Comment 67 of 120, added on May 25th, 2013 at 8:18 AM.
Syria crisis: US rues Russian missiles sent to Damascus
Stocks continued their climb into uncharted territory on Friday, racking up
the fourth week in a row of gains as encouraging economic data prompted
investors to buy shares of growth companies.
The Dow Jones industrial average and the Standard & Poor¡¯s 500-stock index
finished at highs, driven by gains in energy and industrial shares. The
indexes have pushed to a series of high levels as part of the rally that
has lifted equities more than 16 percent for the year so far.
The Dow Jones industrial average gained 121.18 points, or 0.80 percent, to
close at a milestone 15,354.40. The S.& P. 500-stock index rose 17 points,
or 1.03 percent, to end at a record 1,667.42.
The Nasdaq composite index climbed 33.73 points, or 0.97 percent, to finish
at 3,498.97 ¡ª its highest close since October 2000.
In a sign of how far the market has come, the S.& P. 500 is about 1,000
points above the low it hit in March 2009 in the wake of the credit crisis
¡°It¡¯s hard to hold this market down,¡± said Michael Sheldon, chief market
strategist at RDM Financial in Westport, Conn.
Data released on Friday showed Americans felt better about their economic
and financial prospects in early May, with consumer sentiment at its
highest in nearly six years, while a gauge of future economic activity rose
in April to a near five-year high.
¡°If you believe the economy is going to gradually get better and that
global growth will improve, the parts of the market that have not benefited
so far, like cyclicals, will probably be the next group to outperform,¡±
Mr. Sheldon said. Cyclical industries are those that do well when times are
good, like an airline that benefits from more people flying on vacation.
The S.& P. energy sector index gained 0.8 percent, with Exxon Mobil up 1.2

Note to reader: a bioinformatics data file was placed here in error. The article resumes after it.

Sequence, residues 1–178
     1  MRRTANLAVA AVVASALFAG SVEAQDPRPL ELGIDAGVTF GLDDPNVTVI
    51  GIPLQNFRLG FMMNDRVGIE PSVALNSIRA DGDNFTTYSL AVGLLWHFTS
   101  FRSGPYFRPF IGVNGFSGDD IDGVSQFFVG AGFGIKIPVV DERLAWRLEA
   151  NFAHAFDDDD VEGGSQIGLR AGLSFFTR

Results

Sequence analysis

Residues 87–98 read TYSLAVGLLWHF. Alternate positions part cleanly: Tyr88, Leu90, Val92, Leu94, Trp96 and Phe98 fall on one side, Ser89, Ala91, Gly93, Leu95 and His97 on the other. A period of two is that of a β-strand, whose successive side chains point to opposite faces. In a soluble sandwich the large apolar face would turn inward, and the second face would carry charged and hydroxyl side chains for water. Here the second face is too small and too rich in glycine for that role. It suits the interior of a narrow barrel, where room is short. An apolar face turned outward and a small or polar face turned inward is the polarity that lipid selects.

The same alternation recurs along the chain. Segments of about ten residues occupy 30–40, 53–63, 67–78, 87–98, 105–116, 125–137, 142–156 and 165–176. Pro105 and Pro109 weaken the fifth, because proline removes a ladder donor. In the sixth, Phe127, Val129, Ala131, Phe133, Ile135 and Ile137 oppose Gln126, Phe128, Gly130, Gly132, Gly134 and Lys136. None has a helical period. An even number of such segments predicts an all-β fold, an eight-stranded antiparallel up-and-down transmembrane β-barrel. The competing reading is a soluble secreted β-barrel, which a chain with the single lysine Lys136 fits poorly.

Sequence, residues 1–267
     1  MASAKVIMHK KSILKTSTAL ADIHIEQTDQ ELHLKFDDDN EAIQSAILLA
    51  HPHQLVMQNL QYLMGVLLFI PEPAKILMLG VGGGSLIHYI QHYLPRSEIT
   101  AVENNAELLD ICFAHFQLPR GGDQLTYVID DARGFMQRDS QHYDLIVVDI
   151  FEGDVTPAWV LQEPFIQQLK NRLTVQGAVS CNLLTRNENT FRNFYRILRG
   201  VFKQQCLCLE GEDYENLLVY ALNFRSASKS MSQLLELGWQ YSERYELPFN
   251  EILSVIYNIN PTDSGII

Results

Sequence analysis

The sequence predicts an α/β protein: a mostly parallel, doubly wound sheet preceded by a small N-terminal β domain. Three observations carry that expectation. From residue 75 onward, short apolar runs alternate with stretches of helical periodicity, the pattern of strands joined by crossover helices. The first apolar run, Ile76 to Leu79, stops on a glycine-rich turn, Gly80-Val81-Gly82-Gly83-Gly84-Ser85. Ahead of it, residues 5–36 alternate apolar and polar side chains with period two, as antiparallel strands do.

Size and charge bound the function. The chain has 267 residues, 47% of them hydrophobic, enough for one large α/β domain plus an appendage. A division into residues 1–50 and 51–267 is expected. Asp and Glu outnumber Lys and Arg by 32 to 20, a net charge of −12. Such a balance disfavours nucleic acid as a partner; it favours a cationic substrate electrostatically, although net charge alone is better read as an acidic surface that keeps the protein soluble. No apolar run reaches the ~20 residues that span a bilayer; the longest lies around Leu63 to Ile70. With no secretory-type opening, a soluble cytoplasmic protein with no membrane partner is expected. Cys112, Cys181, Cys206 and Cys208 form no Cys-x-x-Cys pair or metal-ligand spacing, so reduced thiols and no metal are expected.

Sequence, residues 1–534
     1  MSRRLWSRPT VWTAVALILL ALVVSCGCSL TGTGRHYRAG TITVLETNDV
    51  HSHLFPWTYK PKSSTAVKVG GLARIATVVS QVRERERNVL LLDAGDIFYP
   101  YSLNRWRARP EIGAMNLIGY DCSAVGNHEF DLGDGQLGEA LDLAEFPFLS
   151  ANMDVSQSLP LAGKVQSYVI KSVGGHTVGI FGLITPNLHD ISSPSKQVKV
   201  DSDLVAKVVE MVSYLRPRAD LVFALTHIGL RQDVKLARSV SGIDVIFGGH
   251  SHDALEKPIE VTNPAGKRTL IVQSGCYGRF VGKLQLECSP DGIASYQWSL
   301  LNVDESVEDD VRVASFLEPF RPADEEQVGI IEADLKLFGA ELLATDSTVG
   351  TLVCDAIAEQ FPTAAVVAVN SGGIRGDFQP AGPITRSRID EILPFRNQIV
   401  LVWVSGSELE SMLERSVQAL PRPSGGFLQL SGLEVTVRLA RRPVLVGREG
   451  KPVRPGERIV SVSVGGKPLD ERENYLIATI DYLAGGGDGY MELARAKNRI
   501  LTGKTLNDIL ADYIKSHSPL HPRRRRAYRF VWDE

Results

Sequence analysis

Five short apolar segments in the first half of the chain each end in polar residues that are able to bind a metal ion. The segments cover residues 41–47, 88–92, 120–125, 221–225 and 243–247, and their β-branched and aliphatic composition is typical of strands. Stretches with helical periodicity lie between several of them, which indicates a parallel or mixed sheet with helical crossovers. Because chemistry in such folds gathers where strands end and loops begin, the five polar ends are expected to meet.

percent at $91.76.
Boeing shares led the S.& P. 500¡¯s industrial sector index higher with a
2.4 percent advance to $98.92, its highest since October 2007. The S.& P.
industrial index rose 1.4 percent.
The rate of growth in the economy has been expected to slow in the second
quarter as tighter fiscal policy started to take effect. But recent
improvements, including in the labor market and retail sales, suggest the
recovery remains resilient.
¡°We are still recovering,¡± said Doreen Mogavero, chief of Mogavero, Lee &
Company in New York, who also noted that the comeback was slow. She added
that markets in the United States, for all their troubles, were ¡°still the
best place to be at this moment.¡±
Earlier in Friday¡¯s session, the Dow touched a high at 15,357.40. For the
week, the Dow advanced 1.7 percent, while the S.& P. 500 climbed 2.1
percent and the Nasdaq rose 1.9 percent.
J. P. Morgan raised its year-end target for the S.& P. 500 to 1,715 from
1,580, implying a gain of just under 3.5 percent for the index for the rest
of the year.
¡°We realize investors are apprehensive about making fresh money purchases,
but we see the risk/reward as particularly attractive in technology, health
care and financials,¡± said the client note from Thomas Lee, J. P.
Morgan¡¯s United States equity strategist.
J. C. Penney shares lost 4.2 percent to $18.01 after the retailer reported
another steep quarterly loss on weak sales and heavy clearance deals, and
the chief executive, Myron Ullman, cautioned that he needed time to fix the
Tableau Software, a maker of data analysis software, surged in its first
day of trading as investors bet the rising interest in Big Data would drive
its growth. Tableau surged 64 percent to $50.75.
The price of the benchmark 10-year Treasury note fell 22/32 to 98 5/32,
increasing the yield to 1.95, from 1.88 on Thursday.